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China puts continuous consent at the center of data protection law

Regs coming into effect from November 1 even give your family rights to your data after you log off this mortal coil

China has passed a law that authorities say "further perfects" existing arrangements for protection of personal data.

The new "Personal Information Protection Law of the People's Republic of China" comes into effect on November 1st, 2021, and comprises eight chapters and 74 articles that outline strict yet vague measures on how and when data is collected and managed, individuals' rights, and who ultimately owns data.

The Cyberspace Administration of China (CAC) said, as translated from Mandarin using automated tools:

On the basis of relevant laws, the law further refines and perfects the principles and personal information processing rules to be followed in the protection of personal information, clarifies the boundaries of rights and obligations in personal information processing activities, and improves the work systems and mechanisms for personal information protection.

The document outlines standardized data-handling processes, defines rules on big data and large-scale operations, regulates those processing data, addresses data that flows across borders, and outlines legal enforcement of its provisions. It also clarifies that state agencies are not immune from these measures.

The CAC asserts that consenting to collection of data is at the core of China's laws and the new legislation requires continual up-to-date fully informed advance consent of the individual. Parties gathering data cannot require excessive information nor refuse products or services if the individual disapproves. The individual whose data is collected can withdraw consent, and death doesn't end the information collector's responsibilities or the individual's rights – it only passes down the right to control the data to the deceased subject's family.

Information processors must also take "necessary measures to ensure the security of the personal information processed" and are required to set up compliance management systems and internal audits.

To collect sensitive data, like biometrics, religious beliefs, and medical, health and financial accounts, information needs to be necessary, for a specific purpose and protected. Prior to collection, there must be an impact assessment, and the individual should be informed of the collected data's necessity and impact on personal rights.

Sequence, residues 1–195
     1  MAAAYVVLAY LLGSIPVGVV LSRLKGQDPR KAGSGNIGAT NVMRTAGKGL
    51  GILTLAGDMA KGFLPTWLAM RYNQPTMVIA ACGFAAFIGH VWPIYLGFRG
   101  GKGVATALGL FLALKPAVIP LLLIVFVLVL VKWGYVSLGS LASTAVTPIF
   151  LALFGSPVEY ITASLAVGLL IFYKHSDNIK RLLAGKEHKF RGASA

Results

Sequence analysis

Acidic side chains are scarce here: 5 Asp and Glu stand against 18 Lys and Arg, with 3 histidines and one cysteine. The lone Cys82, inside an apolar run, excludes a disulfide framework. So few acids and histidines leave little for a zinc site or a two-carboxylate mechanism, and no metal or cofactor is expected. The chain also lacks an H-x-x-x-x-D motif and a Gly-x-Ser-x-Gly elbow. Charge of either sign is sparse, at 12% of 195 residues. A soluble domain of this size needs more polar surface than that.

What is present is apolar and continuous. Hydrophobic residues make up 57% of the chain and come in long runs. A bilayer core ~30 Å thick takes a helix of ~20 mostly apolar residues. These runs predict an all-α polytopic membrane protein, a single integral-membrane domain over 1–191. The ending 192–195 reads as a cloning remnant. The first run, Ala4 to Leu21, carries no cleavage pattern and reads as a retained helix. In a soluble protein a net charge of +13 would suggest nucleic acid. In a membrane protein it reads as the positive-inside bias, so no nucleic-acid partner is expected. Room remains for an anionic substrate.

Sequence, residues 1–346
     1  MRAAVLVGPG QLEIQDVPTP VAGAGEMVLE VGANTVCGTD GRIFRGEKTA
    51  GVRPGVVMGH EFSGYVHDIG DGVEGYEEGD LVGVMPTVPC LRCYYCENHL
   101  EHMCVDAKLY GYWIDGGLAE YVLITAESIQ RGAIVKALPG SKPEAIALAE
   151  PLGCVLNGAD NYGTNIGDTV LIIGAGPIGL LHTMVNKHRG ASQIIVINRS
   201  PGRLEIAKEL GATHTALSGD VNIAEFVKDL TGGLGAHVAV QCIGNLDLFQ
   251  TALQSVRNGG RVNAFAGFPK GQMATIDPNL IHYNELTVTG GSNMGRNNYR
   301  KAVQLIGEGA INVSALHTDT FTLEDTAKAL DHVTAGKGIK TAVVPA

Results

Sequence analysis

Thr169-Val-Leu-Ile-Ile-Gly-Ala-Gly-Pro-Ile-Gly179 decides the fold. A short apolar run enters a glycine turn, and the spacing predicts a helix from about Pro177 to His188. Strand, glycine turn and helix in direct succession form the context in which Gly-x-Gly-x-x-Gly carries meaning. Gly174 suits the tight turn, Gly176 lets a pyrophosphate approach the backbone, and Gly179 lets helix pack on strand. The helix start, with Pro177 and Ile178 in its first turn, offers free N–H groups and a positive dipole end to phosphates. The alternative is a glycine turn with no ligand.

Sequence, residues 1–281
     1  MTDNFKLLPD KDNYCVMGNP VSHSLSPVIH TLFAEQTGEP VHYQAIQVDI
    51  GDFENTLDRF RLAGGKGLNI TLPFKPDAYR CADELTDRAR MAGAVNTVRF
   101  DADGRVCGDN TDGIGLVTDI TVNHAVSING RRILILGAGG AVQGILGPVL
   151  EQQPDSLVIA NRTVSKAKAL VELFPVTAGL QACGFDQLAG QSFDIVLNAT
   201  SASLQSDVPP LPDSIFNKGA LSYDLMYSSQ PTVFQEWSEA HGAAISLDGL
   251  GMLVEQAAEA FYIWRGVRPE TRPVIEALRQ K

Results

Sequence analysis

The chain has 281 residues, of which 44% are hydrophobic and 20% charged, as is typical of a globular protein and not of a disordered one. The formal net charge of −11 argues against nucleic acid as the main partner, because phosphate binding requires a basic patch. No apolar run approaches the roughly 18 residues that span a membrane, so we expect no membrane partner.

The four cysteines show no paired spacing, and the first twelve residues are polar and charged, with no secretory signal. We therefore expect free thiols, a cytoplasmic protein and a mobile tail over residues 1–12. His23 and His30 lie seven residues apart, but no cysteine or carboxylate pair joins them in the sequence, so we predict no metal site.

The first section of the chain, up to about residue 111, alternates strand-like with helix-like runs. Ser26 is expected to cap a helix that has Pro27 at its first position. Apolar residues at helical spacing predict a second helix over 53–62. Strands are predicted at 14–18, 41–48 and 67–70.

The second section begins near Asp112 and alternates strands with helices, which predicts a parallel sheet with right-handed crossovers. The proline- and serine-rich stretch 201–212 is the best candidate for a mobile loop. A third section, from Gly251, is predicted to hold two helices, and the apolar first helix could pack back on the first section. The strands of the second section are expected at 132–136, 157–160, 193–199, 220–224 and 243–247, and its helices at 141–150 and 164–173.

Interestingly, the law seeks to prevent companies from using big data to prey on consumers – for example setting transaction prices – or mislead or defraud consumers based on individual characteristics or habits. Furthermore, large-scale network platforms must establish compliance systems, publicly self-report their efforts, and outsource data-protective measures.

And if data flows across borders, the data collectors must establish a specialized agency in China or appoint a representative to be responsible. Organizations are required to offer clarity on how data is protected and its security assessed.

Storing data overseas does not exempt a person or company from compliance to any of the Personal Information Protection Laws.

In the end, supervision and law enforcement falls to the Cyberspace Administration and relevant departments of the State Council. The penalties for failure were not listed, but one wouldn't want to run afoul – the CAC has cracked down hard on those who are loose with customer data.

For example in July 2021, China's Uber analog, DiDi, was booted from local app stores on grounds it was not compliant with data rules, less than a week after it IPO'd in the US.

In May 2021 the CAC ordered 105 apps, including LinkedIn, Bing, Douyin, TikTok and Baidu, to stop improperly collecting and using people's personal data. ®

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